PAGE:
I've got a pretty tough act to follow. I'm surrounded in home and office by stacks of books and periodicals - Progressive Architecture, Architectural Record, Abitare. Throw in a few Frank Gehry, Zaha Hadid and Rem Koolhaas monograms, and you've got enough design horsepower to create the wackiest shopping mall the profession has ever seen. There's also a magazine cover and a few design awards, which means as an architect you've been paid the ultimate compliment - peer recognition.
Enter reality check You're in the throes of designing your latest project. You listen to what the cutting-edge architects are preaching, scour page by page every photo and detail of Frank Gehry's Guggenheim Museum in Bilbao and recall every professor's words to live by: "Less is more," "Commodity, firmness and delight," "God is in the details," and so on. What you forgot was there's a site-line issue, a traffic-generator problem, a RMU (retail merchandising unit) program, two large anchors and, oh yeah, the client would like it built for fifty-five bucks a foot. Now you ask, "How can I meet all of these strict requirements, make my client happy, design within budget, and somehow produce a product with enough "cool factor" to win that AIA award and a SADI, too?
Solving 'the design puzzle' You can do that "cool design thing," creating an exciting retail environment that's financially responsible, flexible to changing retail trends and able to withstand the test of time. It doesn't matter whether you're designing a mall, an urban entertainment center, or an office tower. It's all about good design and solving what I call "the design puzzle." Once you know the game's rules, you can solve the puzzle, push the boundaries, create a retail diagram that financially keeps on giving and create long-term value for the owner.
The design puzzle gets solved not by one designer or developer, but by a process of gathering facts, understanding the expectations of the client, and assembling ideas and concepts as a collective team. The puzzle becomes more clear once the concept is set.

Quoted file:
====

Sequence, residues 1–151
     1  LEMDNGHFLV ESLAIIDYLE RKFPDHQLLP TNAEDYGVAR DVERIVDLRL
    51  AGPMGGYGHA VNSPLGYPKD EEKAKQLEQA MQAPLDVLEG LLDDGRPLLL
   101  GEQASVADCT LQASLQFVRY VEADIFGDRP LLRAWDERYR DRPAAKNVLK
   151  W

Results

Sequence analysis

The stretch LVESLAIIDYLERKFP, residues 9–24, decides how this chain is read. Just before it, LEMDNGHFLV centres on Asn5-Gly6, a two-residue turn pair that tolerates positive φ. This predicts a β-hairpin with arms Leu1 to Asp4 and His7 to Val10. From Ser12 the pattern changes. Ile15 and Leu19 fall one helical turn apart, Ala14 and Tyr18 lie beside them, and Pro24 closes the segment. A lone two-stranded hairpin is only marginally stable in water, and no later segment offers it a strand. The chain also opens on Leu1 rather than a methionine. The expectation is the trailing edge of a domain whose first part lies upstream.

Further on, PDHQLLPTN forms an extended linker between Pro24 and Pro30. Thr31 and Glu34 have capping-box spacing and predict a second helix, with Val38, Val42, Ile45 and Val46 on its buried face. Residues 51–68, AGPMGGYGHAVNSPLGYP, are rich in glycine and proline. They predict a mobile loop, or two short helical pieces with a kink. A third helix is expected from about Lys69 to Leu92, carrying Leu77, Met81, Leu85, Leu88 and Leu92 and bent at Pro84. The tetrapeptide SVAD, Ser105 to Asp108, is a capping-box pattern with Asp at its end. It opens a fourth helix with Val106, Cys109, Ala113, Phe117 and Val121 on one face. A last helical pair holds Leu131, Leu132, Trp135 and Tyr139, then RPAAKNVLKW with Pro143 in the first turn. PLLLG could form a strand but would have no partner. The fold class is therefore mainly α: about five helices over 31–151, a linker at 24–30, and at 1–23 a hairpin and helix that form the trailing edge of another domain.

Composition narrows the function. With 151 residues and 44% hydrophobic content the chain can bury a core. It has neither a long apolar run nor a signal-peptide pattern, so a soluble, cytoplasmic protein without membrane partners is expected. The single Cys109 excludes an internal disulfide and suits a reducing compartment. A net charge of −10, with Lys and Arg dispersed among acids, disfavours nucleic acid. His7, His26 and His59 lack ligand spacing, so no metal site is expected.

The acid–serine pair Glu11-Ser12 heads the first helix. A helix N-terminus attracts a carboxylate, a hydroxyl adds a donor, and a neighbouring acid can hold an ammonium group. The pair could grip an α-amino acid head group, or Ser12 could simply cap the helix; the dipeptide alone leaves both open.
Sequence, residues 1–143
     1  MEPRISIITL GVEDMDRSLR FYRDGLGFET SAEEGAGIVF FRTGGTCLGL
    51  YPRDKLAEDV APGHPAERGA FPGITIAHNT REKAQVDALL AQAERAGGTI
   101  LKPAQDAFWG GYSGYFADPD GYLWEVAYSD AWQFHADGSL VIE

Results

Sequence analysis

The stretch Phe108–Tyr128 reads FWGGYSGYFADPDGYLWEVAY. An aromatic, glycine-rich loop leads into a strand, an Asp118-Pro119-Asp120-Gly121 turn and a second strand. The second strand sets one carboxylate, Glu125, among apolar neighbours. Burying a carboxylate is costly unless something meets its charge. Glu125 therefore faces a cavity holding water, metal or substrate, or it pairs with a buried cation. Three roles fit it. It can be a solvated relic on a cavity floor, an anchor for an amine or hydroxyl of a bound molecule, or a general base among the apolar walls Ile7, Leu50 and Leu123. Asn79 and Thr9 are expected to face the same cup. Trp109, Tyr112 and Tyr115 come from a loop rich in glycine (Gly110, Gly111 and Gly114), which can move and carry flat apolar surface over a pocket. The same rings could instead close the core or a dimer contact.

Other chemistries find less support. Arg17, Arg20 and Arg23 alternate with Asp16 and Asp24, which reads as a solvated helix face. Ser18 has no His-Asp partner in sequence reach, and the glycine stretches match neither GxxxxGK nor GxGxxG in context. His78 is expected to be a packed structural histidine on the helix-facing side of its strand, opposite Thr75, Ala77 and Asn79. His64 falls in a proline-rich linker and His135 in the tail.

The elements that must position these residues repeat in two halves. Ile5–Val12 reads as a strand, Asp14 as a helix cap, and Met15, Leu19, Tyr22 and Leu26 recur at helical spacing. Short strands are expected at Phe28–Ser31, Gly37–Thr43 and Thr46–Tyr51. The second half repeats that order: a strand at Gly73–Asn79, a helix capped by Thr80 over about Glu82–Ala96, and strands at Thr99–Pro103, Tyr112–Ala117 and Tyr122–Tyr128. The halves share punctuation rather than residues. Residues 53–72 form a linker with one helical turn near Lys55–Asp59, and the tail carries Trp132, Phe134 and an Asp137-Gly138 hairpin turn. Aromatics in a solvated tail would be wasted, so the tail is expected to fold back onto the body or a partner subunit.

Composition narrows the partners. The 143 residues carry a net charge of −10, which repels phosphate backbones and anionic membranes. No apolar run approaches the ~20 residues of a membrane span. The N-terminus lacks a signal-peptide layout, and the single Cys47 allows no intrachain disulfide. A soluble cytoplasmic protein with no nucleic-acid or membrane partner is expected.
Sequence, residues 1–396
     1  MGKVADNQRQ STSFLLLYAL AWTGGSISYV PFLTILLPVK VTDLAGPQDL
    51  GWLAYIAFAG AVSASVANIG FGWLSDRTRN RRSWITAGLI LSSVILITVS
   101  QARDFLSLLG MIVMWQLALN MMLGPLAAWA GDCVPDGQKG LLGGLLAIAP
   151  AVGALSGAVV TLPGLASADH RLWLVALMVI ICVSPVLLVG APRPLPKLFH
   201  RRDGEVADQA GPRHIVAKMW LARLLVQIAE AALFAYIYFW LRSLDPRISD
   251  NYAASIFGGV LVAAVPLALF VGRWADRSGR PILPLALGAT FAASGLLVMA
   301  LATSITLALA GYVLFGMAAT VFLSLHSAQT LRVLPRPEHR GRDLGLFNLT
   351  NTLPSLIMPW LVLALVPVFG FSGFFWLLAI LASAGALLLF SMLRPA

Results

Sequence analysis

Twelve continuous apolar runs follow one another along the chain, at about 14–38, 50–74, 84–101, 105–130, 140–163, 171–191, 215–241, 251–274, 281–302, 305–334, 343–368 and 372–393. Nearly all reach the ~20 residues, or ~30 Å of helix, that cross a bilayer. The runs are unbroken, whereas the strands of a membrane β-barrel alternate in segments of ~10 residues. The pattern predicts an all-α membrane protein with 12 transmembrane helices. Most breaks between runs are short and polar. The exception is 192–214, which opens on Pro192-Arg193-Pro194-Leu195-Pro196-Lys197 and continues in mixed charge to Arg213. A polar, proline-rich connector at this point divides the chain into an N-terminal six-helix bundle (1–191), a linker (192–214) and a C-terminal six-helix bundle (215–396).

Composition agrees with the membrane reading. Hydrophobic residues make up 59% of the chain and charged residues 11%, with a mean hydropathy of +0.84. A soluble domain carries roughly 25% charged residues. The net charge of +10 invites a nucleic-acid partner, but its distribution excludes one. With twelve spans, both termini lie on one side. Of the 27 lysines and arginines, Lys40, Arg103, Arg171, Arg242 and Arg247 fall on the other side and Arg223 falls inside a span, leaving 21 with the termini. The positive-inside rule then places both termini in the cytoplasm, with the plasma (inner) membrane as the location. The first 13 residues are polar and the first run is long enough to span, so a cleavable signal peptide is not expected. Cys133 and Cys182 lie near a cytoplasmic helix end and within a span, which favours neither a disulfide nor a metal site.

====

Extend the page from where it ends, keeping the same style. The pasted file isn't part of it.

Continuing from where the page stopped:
Big "A" or little "a" architecture Many of us in the architectural field refer to serious architecture with no tolerance for compromise as architecture with a big "A." Likewise, architecture with flexibility ofconcept and with less emphasis on the rules of architectural integrity is referred to as architecture with a little "a." When wearing a retail architect hat, the challenge becomes how to create big "A" architecture with little "a" budgets or goals.
Whether you are designing a shopping center or the next Guggenheim, there's always a place for big "A" architecture. The challenge is to deliver a design that is both sensitive to the needs of the people who use retail spaces and balanced with the economic requirements of the owner.
* Favorite retail stores Barney's, New York, and IKEA.
* Favorite restaurant design: iridium, New York:"It blends music and architecture into a memorable space."
* Most improved retail image Sears: "The retailer used architecture and a clever advertising campaign to change shoppers' perceptions."
* Most admired industry figure: Frank Gehry: "He creates power and movement in his buildings."